Wednesday, November 19, 2014

Sunni Muslims in Mosul: "considering becoming . . . atheist"

Thomas L. Friedman

In an op-ed piece, "Who Are We?" (New York Times, November 15, 2014), by Thomas L. Friedman, a writer whose columns I ordinarily just skim (no offense intended, Mr. Friedman, I do a lot of skimming), I found the stunning words that I've cited above and now explain below:
Rasha al-Aqeedi is an Iraqi editor from Mosul working at Al-Mesbar. She has stayed in touch with people in Mosul since ISIS took over. "What is happening," she told me, is that the Sunni Muslim population of Mosul "has now awakened from the shock. Before, people would say, 'Islam is perfect and [the outside world] is after us and hates us.' Now people are starting to read the books that ISIS is based on. I hear from people in Mosul who say, 'I am considering becoming an atheist.'"
Why do I call these words "stunning"? Because this means that some educated Muslims in ISIS-dominated territory are looking into the sources of the Islamic State, probably in an attempt to refute ISIS ideology, but are discovering that ISIS is correctly reporting what these sources say, and the problem is that these sources are classic early Muslim writings: the Qur'an, the Hadith, and the Sunnah.

As classics, such books cannot be shrugged off, as though the Islamists who call themselves ISIS are extremists at the margins of Islam. No, Islamists are radicals at the core of Islam. Some moderate Muslims living in Mosul recognize this, and those moderates considering atheism to be a proper response have decided that Islam itself is incapable of reform.

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At 6:06 PM, Blogger Horace Jeffery Hodges said...

Carter Kaplan posted:

Chilling stuff.

What I find even more chilling (perhaps) is the haze surrounding the geopolitical context. Who are the forces hiding, so to speak, behind the curtains? What (and who) are the various geopolitical actors driving all this chaos? What are their motives? What, in short, is going on over there?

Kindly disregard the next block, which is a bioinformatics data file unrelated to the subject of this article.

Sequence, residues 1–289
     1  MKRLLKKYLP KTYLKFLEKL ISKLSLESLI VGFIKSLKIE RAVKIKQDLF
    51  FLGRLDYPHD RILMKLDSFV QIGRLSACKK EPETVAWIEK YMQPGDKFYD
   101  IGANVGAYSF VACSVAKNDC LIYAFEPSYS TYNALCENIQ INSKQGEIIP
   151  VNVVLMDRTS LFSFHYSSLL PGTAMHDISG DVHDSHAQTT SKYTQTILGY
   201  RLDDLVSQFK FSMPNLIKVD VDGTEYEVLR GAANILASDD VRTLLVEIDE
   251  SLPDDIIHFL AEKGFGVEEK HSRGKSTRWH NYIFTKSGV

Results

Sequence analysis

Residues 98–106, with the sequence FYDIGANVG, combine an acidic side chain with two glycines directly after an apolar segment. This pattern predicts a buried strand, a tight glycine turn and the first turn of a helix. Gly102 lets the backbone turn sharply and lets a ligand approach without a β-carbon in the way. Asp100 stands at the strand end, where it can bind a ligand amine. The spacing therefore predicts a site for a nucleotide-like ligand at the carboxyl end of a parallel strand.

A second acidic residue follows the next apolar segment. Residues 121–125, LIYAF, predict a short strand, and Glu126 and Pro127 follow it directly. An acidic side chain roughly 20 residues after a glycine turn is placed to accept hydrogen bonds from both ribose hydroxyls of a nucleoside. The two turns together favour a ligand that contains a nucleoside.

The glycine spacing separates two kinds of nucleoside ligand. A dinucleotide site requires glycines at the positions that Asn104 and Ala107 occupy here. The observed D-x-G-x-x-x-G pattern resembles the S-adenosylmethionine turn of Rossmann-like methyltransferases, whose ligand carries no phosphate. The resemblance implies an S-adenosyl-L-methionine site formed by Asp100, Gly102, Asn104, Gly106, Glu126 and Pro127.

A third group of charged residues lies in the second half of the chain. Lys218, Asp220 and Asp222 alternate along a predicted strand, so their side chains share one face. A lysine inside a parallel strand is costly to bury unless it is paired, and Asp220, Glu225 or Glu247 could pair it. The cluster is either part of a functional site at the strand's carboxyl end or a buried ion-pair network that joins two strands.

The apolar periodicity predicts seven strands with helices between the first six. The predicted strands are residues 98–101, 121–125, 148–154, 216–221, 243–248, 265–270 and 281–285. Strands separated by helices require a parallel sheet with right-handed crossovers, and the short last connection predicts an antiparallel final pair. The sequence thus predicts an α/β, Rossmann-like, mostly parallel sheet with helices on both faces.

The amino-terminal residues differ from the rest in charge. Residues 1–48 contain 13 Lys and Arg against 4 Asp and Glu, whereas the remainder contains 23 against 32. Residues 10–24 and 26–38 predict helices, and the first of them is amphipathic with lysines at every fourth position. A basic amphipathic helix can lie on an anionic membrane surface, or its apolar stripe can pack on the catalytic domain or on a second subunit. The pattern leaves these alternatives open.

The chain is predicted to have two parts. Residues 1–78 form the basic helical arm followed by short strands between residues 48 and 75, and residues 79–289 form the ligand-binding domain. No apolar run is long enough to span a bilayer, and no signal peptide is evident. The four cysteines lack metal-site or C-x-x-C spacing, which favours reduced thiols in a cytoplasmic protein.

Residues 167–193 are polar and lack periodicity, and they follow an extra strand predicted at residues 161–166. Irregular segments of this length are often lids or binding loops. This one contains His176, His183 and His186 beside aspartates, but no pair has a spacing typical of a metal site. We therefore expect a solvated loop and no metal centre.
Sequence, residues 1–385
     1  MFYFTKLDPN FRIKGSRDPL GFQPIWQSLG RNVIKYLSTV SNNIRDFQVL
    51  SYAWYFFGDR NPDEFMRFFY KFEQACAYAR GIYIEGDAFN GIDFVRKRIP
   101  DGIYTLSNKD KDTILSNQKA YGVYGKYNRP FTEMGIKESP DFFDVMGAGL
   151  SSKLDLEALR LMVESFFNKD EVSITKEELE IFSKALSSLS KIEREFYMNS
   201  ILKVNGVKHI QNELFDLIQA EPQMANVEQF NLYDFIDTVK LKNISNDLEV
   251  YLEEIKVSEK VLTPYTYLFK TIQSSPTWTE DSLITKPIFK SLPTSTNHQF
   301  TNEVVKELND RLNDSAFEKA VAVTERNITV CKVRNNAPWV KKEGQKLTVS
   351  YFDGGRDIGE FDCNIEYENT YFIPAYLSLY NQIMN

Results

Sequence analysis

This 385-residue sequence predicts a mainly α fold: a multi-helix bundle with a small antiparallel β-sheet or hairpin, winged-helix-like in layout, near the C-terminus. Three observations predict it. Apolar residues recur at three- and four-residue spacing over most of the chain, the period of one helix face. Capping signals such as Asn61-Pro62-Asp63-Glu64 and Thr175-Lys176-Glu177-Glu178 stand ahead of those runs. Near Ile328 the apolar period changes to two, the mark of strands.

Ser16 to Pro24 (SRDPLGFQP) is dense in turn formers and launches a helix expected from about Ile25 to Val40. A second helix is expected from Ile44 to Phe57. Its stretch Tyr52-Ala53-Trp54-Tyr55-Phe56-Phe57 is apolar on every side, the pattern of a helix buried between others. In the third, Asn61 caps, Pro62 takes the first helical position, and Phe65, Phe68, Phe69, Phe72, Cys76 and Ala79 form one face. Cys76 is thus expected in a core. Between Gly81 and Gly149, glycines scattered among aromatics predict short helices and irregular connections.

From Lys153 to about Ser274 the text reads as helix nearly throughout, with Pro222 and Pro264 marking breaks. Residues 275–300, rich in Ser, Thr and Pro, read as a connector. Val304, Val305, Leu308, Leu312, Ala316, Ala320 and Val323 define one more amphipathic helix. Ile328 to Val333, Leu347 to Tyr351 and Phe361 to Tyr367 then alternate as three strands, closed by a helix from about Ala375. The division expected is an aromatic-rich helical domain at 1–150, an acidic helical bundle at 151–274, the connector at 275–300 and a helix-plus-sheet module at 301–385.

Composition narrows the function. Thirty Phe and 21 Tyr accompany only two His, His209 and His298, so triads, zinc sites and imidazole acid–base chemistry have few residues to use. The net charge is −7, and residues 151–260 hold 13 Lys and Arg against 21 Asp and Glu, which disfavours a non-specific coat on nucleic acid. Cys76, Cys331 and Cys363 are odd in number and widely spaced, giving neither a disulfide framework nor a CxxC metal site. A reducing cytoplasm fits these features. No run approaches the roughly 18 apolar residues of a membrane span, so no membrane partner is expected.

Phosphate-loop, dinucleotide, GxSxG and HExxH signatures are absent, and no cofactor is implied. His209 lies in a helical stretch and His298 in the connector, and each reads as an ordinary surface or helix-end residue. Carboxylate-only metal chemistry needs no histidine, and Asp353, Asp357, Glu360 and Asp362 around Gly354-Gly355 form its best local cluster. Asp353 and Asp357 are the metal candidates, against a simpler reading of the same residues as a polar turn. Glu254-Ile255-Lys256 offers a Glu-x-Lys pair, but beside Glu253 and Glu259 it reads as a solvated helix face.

And so on.

At 6:08 PM, Blogger Horace Jeffery Hodges said...

Sorry about accidentally deleting your comment, but I restored it.

What are we seeing?

Primarily, the rise of Islam as a politicized religion, i.e., Islamism, is what we are seeing.

Jeffery Hodges

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At 12:10 AM, Anonymous Anonymous said...

Could it be a coalition between Wall Street, London, and European bankers, left wing social engineers, and Saudi and Gulf state princes?

Does it clarify the situation any to regard it as part of a proxy war between the West and the former Soviet Union?

At 4:12 AM, Blogger Horace Jeffery Hodges said...

I don't think there's a conspiracy of that 'Eurabian' sort - I don't even think that the various Islamist groups are all conspiring together.

Islamists are simply taking up what an expanding Islam was doing several hundred years ago, before it conceded the world stage to an expanding West.

I don't see a proxy war. Russia has no interest in assisting Islamists. Putin has his own problems with Islamism even within Russia. I imagine he's glad to see the US fighting Assad's enemies.

Jeffery Hodges

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At 9:10 AM, Blogger Carter Kaplan said...

There is a pattern over there of modernist--albeit totalitarian--dictatorships being replaced/disrupted by Islamists. They would be in Egypt, too, but the Egyptian Army doesn't want to go back to the 6th Century (and, ahem, who can blame them).

Anyway... *scratches head, scratches chin, scratches head again, then shrugs*

At 10:38 AM, Blogger Horace Jeffery Hodges said...

The big losers are the minorities.

Jeffery Hodges

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At 4:39 AM, Anonymous Anonymous said...

Leery of inductive reasoning that generalizes anecdotes ("Data is not the plural of anecdote" is a favorite saying), I read the original piece, and it seems that you have a different interpretation than the author, whose details make clear that rejection of ISIS is not rejection of Islam for most. Below is the paragraph that immediately follows your quoted text:

She added: When a young man who has not passed the sixth grade joins ISIS and then “comes and tells a teacher at the university what he must teach and that he must wear a long gown, you can imagine the shock. I hear people saying: ‘I am not going to the mosque and pray as long as they are here. They don’t represent Islam. They represent the old Islam that never changed.’ ”

I have read that 5% of Saudis are atheists, the same percentage found in the US, where there is an undeniable trend towards a post-Christian America with rapid growth in agnostics, atheists, and vaguely spiritual people lumped together under the umbrella term "religiously unaffiliated." If current trends continue, half of all Southern Baptist Churches are forecast to close their doors by 2030. Perhaps the Muslim world will follow suit.


At 8:24 AM, Blogger Horace Jeffery Hodges said...

I am also "[l]eery of inductive reasoning" based on anecdote, which is why I am careful to say in the post that "some" Muslims are considering becoming atheist.

These atheists clearly comprise a different group of 'Muslims' from those who won't return to the mosque till ISIS is gone. The ones who will return to the mosque are perhaps moderate Muslims, not atheists.

I acknowledge the heading is ambiguous. I worded it as I did because for Muslims to admit doubt is so unusual, and I wanted readers to share my astonishment. Perhaps I ought to have toned it down.

Jeffery Hodges

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